“By faith Moses, when he was born, was hidden three months by his parents, because they saw he was a beautiful child; and they were not afraid of the king’s command” (Hebrews 11:23).
As we continue our tour through the Hebrews 11 “Faith Hall Of Fame,” we now stop to look at a person who is surely one of the most important and influential individuals within the Biblical record. That person is Moses. While the miraculous events of Moses’ life often draw the most attention, it’s important to note that Moses’ life and ministry grew out of events that transpired long before he was born.
In previous studies, we briefly examined the life of Joseph from the Biblical book of Genesis. We saw how Joseph rose to a prominent position of leadership within the ancient Egyptian government and how he resettled his family in Egypt to save them from the effects of a devastating famine. Unfortunately, things changed over time, and a new leader arose who did not hold the same respect for Joseph, or the people of Israel…
“And Joseph died, all his brothers, and all that generation. But the children of Israel were fruitful and increased abundantly, multiplied and grew exceedingly mighty; and the land was filled with them.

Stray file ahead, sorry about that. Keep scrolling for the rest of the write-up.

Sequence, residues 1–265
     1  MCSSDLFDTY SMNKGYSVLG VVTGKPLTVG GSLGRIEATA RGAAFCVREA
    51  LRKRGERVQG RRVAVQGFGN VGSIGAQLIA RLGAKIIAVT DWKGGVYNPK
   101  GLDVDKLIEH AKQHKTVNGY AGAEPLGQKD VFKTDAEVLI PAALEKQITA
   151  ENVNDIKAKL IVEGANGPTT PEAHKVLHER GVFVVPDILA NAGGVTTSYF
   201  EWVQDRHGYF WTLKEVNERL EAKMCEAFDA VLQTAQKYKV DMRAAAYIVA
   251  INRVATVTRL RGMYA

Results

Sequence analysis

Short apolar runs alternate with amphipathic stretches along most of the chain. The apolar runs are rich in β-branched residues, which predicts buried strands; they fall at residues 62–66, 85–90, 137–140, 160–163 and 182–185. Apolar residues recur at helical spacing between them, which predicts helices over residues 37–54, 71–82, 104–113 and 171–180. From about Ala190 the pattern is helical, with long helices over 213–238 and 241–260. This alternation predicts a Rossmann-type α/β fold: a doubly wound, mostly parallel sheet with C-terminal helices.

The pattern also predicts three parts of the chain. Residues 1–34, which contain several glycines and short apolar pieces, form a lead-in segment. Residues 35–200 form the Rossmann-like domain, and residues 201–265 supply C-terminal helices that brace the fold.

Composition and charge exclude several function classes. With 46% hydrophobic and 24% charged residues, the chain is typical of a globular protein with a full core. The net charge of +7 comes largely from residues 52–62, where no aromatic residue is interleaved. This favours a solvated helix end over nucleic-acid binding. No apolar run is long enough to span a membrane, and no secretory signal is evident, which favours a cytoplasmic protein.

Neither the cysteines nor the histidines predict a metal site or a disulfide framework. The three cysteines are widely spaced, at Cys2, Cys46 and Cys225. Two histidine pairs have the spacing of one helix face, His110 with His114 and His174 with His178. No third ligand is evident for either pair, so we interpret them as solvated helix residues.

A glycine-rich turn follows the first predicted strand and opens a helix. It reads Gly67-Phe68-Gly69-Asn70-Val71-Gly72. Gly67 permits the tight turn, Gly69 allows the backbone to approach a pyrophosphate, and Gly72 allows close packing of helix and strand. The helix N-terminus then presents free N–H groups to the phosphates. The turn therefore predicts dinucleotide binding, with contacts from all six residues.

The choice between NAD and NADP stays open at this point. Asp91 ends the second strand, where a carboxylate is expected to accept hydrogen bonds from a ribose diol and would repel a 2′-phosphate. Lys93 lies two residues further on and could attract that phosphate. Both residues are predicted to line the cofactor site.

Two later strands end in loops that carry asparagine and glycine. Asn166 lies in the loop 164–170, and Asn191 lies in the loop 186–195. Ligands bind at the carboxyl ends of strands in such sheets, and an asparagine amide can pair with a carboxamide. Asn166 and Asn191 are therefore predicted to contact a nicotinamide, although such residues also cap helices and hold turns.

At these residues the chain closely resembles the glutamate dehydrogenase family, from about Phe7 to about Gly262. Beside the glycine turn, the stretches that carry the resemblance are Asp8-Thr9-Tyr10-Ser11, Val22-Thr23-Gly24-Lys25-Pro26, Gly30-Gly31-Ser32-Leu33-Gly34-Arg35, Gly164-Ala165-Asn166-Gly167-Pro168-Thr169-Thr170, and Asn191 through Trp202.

Now there arose a new king over Egypt, who did not know Joseph. And he said to his people, ‘Look, the people of the children of Israel are more and mightier than we; come, let us deal shrewdly with them, lest they multiply, and it happen, in the event of war, that they also join our enemies and fight against us, and so go up out of the land.’
Therefore they set taskmasters over them to afflict them with their burdens. And they built for Pharaoh supply cities, Pithom and Raamses” (Exodus 1:6-11).
However, that plan failed to produce the desired result…
“But the more they afflicted them, the more they multiplied and grew. And they were in dread of the children of Israel” (Exodus 1:12).
Since Pharaoh, the Egyptian king, was not in the habit of giving up easily (as he would demonstrate later), he came up with a scheme that was even more ruthless…
“Then the king of Egypt spoke to the Hebrew midwives, of whom the name of one was Shiphrah and the name of the other Puah; and he said, ‘When you do the duties of a midwife for the Hebrew women, and see them on the birthstools, if it is a son, then you shall kill him; but if it is a daughter, then she shall live'” (Exodus 1:15-16).
So Pharaoh’s solution was to eliminate the source of this “problem” by simply murdering every male child born to a Hebrew mother. This may have seemed like the perfect solution to Pharaoh, but as we’ll see, there was one critical detail he overlooked.